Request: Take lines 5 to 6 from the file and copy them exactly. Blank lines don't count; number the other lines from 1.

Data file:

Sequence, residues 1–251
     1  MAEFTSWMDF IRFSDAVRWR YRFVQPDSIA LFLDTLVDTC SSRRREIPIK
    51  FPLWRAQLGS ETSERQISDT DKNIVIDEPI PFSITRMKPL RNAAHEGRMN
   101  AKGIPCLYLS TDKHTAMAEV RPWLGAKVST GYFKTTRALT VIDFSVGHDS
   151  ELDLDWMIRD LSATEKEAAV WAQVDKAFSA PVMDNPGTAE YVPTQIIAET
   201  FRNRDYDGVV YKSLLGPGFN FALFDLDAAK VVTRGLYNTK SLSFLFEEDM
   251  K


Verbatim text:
   151  ELDLDWMIRD LSATEKEAAV WAQVDKAFSA PVMDNPGTAE YVPTQIIAET
   201  FRNRDYDGVV YKSLLGPGFN FALFDLDAAK VVTRGLYNTK SLSFLFEEDM